The Past and Future of MRI in MS

Most people who have been diagnosed with MS have had at least one MRI scan done of their brain. Having a scan can be a strange experience, but it’s the best tool doctors have for helping to confirm or rule out an MS diagnosis, and for tracking what MS is doing silently, even if there are no physical signs.

At the 2018 American Academy of Neurology meeting in Los Angeles, I was able to attend the lecture of this year’s winner of the John Dystel Prize for MS Research, Dr. Frederik Barkhof. He pioneered the use of MRI to improve the ability to diagnose MS, and to monitor MS and detect whether a treatment is having any benefits against the lesions—those white spots or black spots that show up on the scans.
I’m not going to go into much of the technical stuff (and there is lots of it!), but for anyone interested in more info on MRI, there’s some background on the Society’s website here.
Early in his career as a neuroradiologist (someone who images the nervous system) in the Netherlands in the 1980s, there were only a few MRI scanners in the world, and he happened to be at a place that had one of them. Early brain scans were really fuzzy, and it wasn’t clear what the images meant in terms of MS activity or an individual’s condition. People like Dr. Barkhof had to figure it all out from scratch. They had to compare what they were seeing in the MRI with actual brains of people who had lived with MS.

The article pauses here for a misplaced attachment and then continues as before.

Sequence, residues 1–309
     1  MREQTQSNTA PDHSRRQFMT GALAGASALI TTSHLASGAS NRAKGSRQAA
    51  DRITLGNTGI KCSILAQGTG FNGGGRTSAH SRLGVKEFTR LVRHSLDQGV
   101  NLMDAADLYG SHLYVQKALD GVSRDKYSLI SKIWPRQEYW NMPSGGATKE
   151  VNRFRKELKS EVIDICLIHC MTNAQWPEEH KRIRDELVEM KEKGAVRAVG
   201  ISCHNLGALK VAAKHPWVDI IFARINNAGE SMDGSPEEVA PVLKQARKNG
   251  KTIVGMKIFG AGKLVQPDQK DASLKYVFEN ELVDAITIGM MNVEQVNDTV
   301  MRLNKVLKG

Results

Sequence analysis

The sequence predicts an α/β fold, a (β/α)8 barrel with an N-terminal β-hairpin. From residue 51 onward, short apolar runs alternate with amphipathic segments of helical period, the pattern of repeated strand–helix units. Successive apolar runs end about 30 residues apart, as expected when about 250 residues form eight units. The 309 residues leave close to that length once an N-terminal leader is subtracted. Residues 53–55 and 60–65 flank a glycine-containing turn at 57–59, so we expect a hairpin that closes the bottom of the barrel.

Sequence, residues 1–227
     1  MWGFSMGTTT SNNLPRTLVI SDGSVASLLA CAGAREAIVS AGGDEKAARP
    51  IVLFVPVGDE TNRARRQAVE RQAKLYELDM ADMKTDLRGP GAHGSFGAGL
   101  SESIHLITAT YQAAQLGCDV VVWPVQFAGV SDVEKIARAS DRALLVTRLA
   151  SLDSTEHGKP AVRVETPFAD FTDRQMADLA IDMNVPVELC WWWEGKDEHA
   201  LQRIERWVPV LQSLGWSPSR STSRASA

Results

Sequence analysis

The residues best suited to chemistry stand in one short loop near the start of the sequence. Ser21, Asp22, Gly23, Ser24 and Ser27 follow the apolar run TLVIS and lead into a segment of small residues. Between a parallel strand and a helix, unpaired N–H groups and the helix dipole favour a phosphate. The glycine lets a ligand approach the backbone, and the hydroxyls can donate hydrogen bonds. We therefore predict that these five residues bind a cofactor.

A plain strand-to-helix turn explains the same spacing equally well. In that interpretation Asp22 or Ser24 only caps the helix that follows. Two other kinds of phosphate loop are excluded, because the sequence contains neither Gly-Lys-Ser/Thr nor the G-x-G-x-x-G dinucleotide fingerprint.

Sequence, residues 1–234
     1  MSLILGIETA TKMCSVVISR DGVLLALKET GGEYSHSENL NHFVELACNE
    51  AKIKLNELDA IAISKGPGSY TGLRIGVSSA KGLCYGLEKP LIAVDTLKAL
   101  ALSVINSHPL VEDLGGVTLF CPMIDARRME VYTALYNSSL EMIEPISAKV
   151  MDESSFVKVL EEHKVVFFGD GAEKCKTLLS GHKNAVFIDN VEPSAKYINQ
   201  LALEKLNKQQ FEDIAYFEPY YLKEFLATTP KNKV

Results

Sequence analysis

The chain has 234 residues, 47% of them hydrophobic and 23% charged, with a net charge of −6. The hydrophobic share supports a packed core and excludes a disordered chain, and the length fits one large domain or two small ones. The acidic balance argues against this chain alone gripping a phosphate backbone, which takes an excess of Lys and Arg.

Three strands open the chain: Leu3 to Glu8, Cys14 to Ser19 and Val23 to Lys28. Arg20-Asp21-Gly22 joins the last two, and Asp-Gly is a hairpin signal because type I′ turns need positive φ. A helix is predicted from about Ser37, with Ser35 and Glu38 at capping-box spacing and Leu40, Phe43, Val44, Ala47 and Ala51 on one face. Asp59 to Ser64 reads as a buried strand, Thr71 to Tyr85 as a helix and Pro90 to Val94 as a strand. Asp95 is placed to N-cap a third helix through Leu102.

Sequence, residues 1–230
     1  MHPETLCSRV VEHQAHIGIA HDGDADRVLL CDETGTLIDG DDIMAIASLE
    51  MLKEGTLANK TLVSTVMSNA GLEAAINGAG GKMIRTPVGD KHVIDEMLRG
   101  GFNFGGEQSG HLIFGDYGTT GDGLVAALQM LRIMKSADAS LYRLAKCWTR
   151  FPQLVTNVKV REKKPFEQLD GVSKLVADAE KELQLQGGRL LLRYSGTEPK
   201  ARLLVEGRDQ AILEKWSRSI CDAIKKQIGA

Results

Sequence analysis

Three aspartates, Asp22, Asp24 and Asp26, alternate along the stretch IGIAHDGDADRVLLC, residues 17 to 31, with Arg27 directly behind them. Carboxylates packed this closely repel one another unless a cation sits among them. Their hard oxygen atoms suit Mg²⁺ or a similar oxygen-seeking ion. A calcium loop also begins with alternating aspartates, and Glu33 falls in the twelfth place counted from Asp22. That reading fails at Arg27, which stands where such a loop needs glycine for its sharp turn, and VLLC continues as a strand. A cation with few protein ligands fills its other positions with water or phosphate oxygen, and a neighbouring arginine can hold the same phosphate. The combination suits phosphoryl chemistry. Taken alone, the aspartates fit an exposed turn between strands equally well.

After a lot of painstaking testing, MRI began to evolve into an amazing tool that is still evolving today. The scanners are getting stronger and stronger, providing much finer resolution to see what’s going on in the brain. Now imaging can be used not just to detect inflammation, but also brain tissue and myelin integrity and other features.
“There are endless new opportunities” for using advanced imaging to understand MS, he said. He’s particularly passionate about finding the best ways to speed up the development of new and better treatments with advanced imaging techniques.
Dr. Barkhof wants to focus on refining and standardizing techniques for scanning the spinal cord. The spinal cord is obviously a lot narrower than the brain, and it’s been a challenge to do cord scans that line up properly so that their results can be tracked over time. Dr. Barkhof estimates that 90% of people with MS have lesions in the spinal cord, and he says that even if they don’t cause symptoms, research is starting to show that spinal cord lesions can, to some extent, predict future disease activity and progression.
Dr. Barkhof is convinced that studying the nervous system with MRI and other techniques will help us get to the bottom of the underlying mechanisms that cause MS. “Finding the cause of the disease will hopefully inform novel therapies,” he said.

Click here for a full summary of progress reported at the AAN.
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Walt Kostich

Dr. Walt Kostich is the director of commercial research at the National MS Society, managing commercial research partnerships developed through Fast Forward. He also supports the Society’s portfolio of biomedical research grants. A neuroscientist by training, Walt joined the Society in 2015 following a 20-year career in the pharmaceutical industry in neuroscience drug discovery.